In a 2020 study of people in relationships in the journal Family Relations, one word kept coming up: “Stuck.” While surveying interviews about participants’ relationship, the study’s authors found more than a third of participants originally interviewed reported having felt a sense of “felt constraint” holding them to their partner—though they weren’t sure they truly wanted to be in the relationship.© Provided by People Getty© Getty A new study says that many couples stay together even when they’re in a rut—here’s how to get out of it
This year, that “stuck” feeling may be more prevalent than ever; after all, we’re literally all confined to our spaces, and dating prospects are difficult. But even in non-pandemic times, that “stuck” feeling in a relationship is surprisingly common, for a number of reasons.
Among them: you’re ambivalent about how you and your significant other have changed since first getting together; you feel you can’t afford to move out on your own or are exhausted by the messy process of splitting up your lives; or you just simply don’t want to believe that the years put into a partnership were all for naught.
Plus, it can sometimes be hard to know the difference between when that feeling means that it’s time to move forward in your relationship—or time to move on. If you’re in a rut and wondering how to escape it read on for the expert tips to helping you get “unstuck”—whether or not you decide to stay together.© Provided by People Getty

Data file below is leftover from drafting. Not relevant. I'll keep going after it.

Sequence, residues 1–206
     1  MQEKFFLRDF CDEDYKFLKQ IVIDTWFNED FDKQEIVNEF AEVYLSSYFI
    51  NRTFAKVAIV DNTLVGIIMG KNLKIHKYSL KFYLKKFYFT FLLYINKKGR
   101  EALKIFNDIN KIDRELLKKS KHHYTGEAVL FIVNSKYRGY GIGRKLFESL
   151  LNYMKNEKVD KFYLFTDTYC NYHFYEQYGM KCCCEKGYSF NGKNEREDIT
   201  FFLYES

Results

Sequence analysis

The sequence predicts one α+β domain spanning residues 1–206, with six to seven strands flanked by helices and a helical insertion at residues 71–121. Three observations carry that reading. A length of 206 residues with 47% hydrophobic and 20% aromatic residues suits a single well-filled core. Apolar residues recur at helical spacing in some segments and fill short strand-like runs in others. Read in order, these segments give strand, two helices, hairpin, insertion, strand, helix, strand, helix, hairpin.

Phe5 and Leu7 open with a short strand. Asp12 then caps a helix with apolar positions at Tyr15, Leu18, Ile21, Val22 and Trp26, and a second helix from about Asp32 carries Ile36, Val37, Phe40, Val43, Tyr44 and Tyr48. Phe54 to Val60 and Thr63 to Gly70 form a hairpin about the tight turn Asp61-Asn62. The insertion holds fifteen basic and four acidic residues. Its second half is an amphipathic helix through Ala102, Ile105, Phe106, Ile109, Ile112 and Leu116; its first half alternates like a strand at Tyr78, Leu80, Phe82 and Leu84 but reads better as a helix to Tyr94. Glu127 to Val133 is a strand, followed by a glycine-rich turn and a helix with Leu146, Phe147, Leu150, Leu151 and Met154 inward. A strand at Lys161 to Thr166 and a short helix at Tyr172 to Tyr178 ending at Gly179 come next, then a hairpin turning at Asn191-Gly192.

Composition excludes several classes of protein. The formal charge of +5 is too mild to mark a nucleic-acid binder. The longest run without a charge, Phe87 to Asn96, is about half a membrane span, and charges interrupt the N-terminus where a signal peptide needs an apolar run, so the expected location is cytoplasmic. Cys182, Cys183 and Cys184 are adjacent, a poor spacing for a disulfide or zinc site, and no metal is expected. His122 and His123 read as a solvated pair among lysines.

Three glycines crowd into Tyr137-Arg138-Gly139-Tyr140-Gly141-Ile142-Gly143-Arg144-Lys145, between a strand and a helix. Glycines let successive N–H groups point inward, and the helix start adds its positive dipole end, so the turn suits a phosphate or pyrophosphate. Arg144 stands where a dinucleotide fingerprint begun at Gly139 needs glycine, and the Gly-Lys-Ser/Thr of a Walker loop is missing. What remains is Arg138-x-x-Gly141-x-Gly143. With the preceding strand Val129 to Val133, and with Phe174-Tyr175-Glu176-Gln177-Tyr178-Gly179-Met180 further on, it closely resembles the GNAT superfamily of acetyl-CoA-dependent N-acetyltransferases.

Take a gut check
A period of boredom and frustration doesn’t have to signify the end for a couple, says Dr. Forrest Talley, a clinical psychologist in Folsom, Calif. “Relationships are difficult,” he says. “They invariably involve sacrifice, adjustments, forgiveness, compassion, disappointment, and more.”
Stay together long enough, and these things can take their toll. He says, “As a result, most people will then have moments where the seeds of regret begin to form. They need not, however, take root.”
There are a few questions that may help you pinpoint whether you’re just in a phase or the relationship is in real trouble, according to Dr. Talley.
He suggests asking yourselves: “Have some fundamental agreements (i.e. to be faithful, to be an equal provider, to end up marrying and having children) been violated?” and “Has the relationship changed, or have I become bored due to some other factors?”
Dr. Supriya Blair, licensed clinical psychologist, adds a couple of her own. She suggests asking “Do I feel I am fully able to be myself in our relationship?” and “What are all the reasons I think I should be in this relationship?” Once you’ve answered those questions, then imagine how you’d feel if the bonds keeping you tied together —like an interconnected friend group, or mingled finances— went away. If that changed tomorrow, would you still want to stay?